Perry poised to master Augusta?
Augusta, Easter Sunday - The Masters will welcome a brand new champion on Sunday unless one of the world's two best players can pull off the next best thing to a miracle.
No player has come back from more than eight shots adrift in the final round to win a Green Jacket - and Tiger Woods and Phil Mickelson are the highest-placed former champions at seven back. There are nine players above the illustrious duo on the leaderboard and seven alongside them at four under. But these two are the only past winners in sight, save for Vijay Singh at three under.
Jack Burke Jr came from eight down to win in 1956, while Gary Player battled from seven back in 1978 and Nick Faldo (1996), Fuzzy Zoeller (1979) and Art Wall Jr (1959) have all overhauled six-shot deficits. But no-one's recovered from more than two adrift since Faldo caught Greg Norman 13 years ago. And 17 of the last 18 winners have come from the final group.
All of which goes to show that Woods has got to pull off something special to win a fifth Green Jacket. Especially given that he has won all 14 of his majors when leading or sharing the lead going into the final day. Mickelson, too, has not only got to impersonate a magician, he's got to be one, if he is to win a third Masters in six years.
Unlikely, then. But watching them try should be electric. Make that nuclear - Woods and Mickelson are paired together at 1335 (1835 BST). "At this golf course funny things can happen," said Mickelson. "If you get momentum on your side and you're making birdies, you can make a lot of them. But when it starts coming apart, it's easy to tumble."
More probable is that the winner will be either Angel Cabrera, Kenny Perry, Chad Campbell or Jim Furyk. Cabrera and Perry are the joint leaders, while Campbell and Furyk are two and three shots adrift respectively. Cabrera and Furyk are former US Open champions, while Perry and Campbell are chasing a maiden major title.
Cabrera, who won the US Open in 2007, is the loping, casual, big-hitter from Argentina. He looks like he doesn't care, but maybe his grip-it-and-rip-it-style will be too cavalier for a Masters Sunday. Mind you, it's got him to 11 under so he should probably stick with it. "Having won a major it gives you confidence," he said. "The most difficult one to win is the first one."
Playing alongside him in the final group on Sunday, Perry seems to have the force on his side. He was desperate to make his second Ryder Cup appearance last year in his native Kentucky and pulled it off, becoming a folk hero in the process. He has also won on the PGA Tour this year to climb to 11th in the world. "That Ryder Cup taught me a lot," said the popular "KP". "I set some goals, didn't think I could make it. I made it."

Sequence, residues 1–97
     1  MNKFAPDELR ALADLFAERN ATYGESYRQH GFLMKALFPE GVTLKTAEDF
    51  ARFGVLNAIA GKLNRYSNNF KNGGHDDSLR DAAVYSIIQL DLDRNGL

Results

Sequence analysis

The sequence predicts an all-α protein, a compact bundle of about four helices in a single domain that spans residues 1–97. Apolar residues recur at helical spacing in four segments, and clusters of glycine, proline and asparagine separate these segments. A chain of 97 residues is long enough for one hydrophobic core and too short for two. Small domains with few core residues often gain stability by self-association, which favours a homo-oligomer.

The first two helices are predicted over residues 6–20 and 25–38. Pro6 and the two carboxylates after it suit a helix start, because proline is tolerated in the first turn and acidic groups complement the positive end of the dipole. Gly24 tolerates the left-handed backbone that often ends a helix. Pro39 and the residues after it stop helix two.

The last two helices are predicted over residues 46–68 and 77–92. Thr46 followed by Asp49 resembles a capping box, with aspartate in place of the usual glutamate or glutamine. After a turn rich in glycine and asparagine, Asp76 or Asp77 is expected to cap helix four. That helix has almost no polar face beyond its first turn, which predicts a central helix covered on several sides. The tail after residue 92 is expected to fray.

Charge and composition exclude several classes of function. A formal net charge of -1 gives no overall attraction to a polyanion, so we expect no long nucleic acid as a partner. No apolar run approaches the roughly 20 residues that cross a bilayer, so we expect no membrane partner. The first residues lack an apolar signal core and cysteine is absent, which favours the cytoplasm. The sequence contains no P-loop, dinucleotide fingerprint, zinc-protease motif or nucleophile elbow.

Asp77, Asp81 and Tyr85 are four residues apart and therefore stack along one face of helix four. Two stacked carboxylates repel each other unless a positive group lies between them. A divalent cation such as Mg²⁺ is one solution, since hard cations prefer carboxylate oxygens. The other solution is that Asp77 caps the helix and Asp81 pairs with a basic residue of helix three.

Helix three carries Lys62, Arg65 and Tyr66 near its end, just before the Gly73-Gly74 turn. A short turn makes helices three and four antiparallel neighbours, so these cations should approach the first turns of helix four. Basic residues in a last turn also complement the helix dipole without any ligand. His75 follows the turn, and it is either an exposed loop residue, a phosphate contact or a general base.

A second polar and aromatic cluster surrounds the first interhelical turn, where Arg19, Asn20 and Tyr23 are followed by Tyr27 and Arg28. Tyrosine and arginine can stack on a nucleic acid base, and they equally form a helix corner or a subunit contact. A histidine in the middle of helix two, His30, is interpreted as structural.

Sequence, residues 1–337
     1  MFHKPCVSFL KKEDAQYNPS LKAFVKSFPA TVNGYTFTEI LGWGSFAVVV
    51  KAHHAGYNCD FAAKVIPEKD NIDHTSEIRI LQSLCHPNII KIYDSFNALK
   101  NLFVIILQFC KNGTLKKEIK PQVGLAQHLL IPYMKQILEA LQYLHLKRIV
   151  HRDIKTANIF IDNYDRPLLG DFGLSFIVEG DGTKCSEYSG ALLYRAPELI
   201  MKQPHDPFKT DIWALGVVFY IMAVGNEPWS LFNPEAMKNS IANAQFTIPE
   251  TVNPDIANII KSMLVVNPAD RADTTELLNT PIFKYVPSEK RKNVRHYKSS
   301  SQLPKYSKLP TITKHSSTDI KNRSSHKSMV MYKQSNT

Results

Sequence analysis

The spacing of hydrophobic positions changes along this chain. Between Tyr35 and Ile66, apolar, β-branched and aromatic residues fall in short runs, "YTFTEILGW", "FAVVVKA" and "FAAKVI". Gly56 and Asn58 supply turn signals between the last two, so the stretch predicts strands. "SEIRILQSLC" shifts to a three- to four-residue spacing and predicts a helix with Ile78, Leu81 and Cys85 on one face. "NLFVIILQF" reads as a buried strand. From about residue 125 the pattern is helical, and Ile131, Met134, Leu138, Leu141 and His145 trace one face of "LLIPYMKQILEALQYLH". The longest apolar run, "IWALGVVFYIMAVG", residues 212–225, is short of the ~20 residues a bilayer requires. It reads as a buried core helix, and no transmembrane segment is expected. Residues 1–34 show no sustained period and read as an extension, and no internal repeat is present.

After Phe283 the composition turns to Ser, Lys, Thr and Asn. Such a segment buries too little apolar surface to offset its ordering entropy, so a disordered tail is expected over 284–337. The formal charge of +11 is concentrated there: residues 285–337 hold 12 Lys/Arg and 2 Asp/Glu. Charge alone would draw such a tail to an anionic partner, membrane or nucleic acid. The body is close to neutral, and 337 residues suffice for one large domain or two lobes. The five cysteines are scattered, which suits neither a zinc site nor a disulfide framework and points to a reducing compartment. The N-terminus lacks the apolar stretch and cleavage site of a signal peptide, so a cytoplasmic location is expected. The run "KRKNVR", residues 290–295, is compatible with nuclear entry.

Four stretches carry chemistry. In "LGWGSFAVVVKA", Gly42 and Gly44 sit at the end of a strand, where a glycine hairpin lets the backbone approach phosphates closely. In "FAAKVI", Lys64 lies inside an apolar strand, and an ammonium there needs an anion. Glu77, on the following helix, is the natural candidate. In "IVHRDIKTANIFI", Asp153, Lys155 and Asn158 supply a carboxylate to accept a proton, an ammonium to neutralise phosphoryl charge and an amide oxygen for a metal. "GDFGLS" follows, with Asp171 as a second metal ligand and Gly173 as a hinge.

To cap it all, Perry, at 48 years and seven months, would become the oldest Masters winner ever, breaking Jack Nicklaus's mark of 46 years in 1986. He would also become the oldest ever major winner, eclipsing Julius Boros, who was 48 years and four months when he won the US PGA in 1968.
Standing on the 18th tee with Campbell waiting to tee off on Saturday evening, with the overnight lead up for grabs, Perry looked as casual as a man standing in a supermarket queue planning what to have for tea. Campbell looked fidgety, nervous.
"We've got 18 holes to go and I'm in a good spot," said Perry. "I've got something I can achieve that will move me another notch up the totem pole on the PGA Tour. I'm never thinking 'superstar' but most people who talk about me say I'm a nice guy and I'm a good player. That's about all you hear. So maybe things will change."
Campbell, though, was third at Augusta in 2006 and has played in three Ryder Cups so he should be comfortable when the heat comes on. Furyk, meanwhile, has had three top sixes in 12 Masters, most recently a fourth in 2003. The world number 15, with the individual swing, is a sharp operator and has walked through the flames before, when he won the US Open in 2003.
One behind Furyk is Steve Stricker, not all that long ago ranked fourth in the world, and a solid, underrated player. He's still only one spot below Perry in the world rankings and could be the dark horse. Of the rest, Todd Hamilton, at six under, has the experience of winning a major. Now ranked 373rd in the world, he held his nerve to stun Ernie Els in a play-off for the Open at Royal Troon in 2004.
Also at six is Shingo Katayama, the Japanese in the cowboy hat, and feisty South African Rory Sabbatini. Both have shot 67s this week and will need at least that on Sunday. South African Tim Clark, at minus five, has an outside chance of becoming the first man to win the par three and the Masters in the same year.
If anyone, including Woods or Mickelson, wins from four under and below, they will have had the round of their lives and some dark deeds will have occurred above them. But, for me, there's just something about Kenny. Unless, of course, Mickelwoods goes ballistic.